Tag Archives: ted nugent

If You See Something that Looks Like a Star

 

I accidentally deleted all my email this weekend.

I think I know what happened. I’m such a goddamned minimalist that the lifestyle caught up with me. And when I say lifestyle, I mean neurosis.

Anything that sits in my garage for six month without being used is unnecessary, I reason. Same with my closets: If I haven’t worn it in six months, I don’t need it. Off to Goodwill with all of it. Unless it contains a phone number I won’t remember or my nephew’s  voice, I delete all voicemail after listening to the messages.

I say this as curse, not compliment. I now regret deleting voicemails from people that I met on the job. The best was from Ted Nugent, who called me “Scottily Wottily,” easily the best nickname ever assigned me.  Sure beats “Scotty Potty.”

I am so anal about keeping the memory free on my phone that I use bulk delete on junk email, which I don’t allow to collect for more than a day.

But today, I bulk deleted my entire inbox. It didn’t contain many missives; perhaps 100. But I kept them around because they were funny, contained a nice picture or contained a link to a possible future column.

Now they were all gone.

It’s funny, how instantaneous moments move in slow motion. Like when you realized you sent that email to the wrong recipient. Or let your anger rule your tongue. Or reflexively said ‘Love you’ to your boss before hanging up (sorry, Bob).

So it was with The Vanishing. A few key strokes, punched from rote memory, laid waste to everything. I stared at the screen for a moment, stupefied and speechless. You’d think Google would have come up with a confirmation message before massacring. Something like,  Are You Sure You Want to Do That, Dumbass? 

When I finally came to, I realized that all was not lost. All I need do was rummage through the Trash file in my email and restore the necessary ones. Hell, I regularly had to sort through actual garbage thanks to Teddy, who had a fondness for chewing on important mail like Skoal. This would be a headache, but nothing more: I had 24 hours before it was automatically deleted forever.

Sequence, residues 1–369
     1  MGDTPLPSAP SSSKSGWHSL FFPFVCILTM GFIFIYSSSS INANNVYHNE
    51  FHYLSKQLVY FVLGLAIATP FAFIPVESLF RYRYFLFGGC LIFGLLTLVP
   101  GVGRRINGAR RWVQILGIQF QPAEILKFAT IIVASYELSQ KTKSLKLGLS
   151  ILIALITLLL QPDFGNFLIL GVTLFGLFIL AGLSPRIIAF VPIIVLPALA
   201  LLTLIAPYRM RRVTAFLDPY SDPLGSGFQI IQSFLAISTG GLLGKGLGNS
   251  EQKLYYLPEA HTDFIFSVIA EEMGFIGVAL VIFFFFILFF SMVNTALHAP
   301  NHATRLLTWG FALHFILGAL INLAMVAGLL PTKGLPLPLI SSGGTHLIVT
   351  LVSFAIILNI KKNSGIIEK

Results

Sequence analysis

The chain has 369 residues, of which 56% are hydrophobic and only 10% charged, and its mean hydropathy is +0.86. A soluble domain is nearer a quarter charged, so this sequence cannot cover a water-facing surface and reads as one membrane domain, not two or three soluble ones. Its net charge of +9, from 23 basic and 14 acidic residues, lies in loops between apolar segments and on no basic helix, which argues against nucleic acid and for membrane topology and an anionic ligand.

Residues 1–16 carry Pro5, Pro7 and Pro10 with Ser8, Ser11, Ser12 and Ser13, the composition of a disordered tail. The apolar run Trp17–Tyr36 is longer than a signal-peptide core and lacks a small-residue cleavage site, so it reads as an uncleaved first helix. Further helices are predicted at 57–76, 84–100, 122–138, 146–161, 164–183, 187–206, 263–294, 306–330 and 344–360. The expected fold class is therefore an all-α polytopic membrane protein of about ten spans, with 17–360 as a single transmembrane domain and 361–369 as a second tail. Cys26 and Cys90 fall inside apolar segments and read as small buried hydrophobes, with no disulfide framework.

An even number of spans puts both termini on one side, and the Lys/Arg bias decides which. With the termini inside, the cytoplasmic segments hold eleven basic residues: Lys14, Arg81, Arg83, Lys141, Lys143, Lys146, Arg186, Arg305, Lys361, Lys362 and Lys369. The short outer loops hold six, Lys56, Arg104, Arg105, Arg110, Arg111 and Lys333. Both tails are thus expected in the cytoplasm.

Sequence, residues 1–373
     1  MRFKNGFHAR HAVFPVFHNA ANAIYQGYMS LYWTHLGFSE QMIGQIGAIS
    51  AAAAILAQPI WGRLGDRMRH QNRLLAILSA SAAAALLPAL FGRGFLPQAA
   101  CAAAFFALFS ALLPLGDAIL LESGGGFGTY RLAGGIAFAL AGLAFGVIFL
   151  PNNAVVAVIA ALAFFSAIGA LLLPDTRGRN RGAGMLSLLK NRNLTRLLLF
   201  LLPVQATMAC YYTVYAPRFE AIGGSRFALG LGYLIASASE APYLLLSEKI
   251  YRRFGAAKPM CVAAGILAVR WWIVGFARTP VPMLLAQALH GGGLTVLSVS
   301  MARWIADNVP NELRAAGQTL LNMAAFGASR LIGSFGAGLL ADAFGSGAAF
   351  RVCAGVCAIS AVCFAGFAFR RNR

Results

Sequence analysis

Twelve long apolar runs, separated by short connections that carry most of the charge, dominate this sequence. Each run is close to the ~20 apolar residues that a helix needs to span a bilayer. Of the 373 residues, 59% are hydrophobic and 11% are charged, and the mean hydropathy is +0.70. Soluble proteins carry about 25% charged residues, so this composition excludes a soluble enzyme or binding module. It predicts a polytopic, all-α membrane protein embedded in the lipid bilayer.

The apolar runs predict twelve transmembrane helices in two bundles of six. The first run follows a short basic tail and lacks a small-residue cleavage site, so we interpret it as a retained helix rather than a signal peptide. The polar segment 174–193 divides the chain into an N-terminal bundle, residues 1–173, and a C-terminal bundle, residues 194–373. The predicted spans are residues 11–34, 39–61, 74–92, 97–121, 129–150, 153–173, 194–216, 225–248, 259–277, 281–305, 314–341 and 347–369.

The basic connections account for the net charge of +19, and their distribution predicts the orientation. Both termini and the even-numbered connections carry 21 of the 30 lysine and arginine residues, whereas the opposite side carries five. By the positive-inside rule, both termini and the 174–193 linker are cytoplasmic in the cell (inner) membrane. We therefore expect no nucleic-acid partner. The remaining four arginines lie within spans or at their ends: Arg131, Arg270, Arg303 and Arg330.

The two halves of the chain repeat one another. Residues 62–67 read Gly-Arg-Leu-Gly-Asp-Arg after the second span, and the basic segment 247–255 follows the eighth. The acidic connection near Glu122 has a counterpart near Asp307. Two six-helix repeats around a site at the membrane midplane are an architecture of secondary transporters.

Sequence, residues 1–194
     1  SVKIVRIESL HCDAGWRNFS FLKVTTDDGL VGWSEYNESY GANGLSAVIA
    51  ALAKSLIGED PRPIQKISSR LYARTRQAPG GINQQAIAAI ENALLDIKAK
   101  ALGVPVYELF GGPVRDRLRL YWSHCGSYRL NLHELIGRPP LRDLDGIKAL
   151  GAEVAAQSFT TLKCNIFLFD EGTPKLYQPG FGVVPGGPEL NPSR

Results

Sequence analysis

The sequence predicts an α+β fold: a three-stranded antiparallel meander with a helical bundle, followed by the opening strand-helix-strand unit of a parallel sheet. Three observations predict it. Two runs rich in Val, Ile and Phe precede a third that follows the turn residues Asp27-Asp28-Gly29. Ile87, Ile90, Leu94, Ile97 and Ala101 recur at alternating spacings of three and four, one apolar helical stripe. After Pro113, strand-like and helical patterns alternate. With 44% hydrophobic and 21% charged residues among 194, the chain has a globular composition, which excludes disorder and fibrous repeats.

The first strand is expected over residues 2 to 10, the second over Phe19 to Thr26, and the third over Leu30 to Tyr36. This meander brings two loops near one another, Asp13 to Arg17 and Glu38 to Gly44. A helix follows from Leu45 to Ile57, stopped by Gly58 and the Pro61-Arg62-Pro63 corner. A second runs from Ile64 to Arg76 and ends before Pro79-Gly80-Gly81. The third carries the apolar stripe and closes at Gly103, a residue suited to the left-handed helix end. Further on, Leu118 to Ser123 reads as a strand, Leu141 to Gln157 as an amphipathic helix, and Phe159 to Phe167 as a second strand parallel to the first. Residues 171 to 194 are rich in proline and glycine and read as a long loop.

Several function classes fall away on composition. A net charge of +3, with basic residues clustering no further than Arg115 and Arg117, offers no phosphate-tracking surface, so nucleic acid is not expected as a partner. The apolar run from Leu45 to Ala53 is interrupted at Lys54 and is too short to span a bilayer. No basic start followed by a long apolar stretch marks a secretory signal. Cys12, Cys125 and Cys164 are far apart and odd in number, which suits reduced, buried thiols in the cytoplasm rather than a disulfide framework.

So I went to the shower, turned on the boombox, and immersed to relax before the digital digging. Then Traffic’s The Low Spark of High Heeled wafted:

If you had just a minute to breathe and they granted you one final wish
Would you ask for something like another chance?
Or something similar as this? Don’t worry too much
It’ll happen to you as sure as your sorrows are joys

As I listened to Steve Winwood’s ethereal voice, I tried to answer his questions. What did matter? What was critical there, worth the foraging or fret?

I had no answer. And realized: Is there anyone you could not reach if you wanted to? Is there any name or number you could not track down in your phone calls, your texts, or, more importantly, with a modicum of effort?

That answer was easy: No. Like so much in my life, I had let technology do exercises that would probably be best left flexed in my own hands. I can’t remember the last time I read a map. Or checked the time on my wristwatch (though I own two dozen). I love to trumpet that I own no social media accounts. But what makes me different from some millennial Tweet-head if I too live by the inbox?

So I let the day pass, the trash empty, and my inbox go wherever they go to die. Probably the Florida Keys (did you see the morons who stayed?). And truthfully, it was a bit of a charge to bid my  e-belongings farewell.

Now I have five emails. I really should delete a few.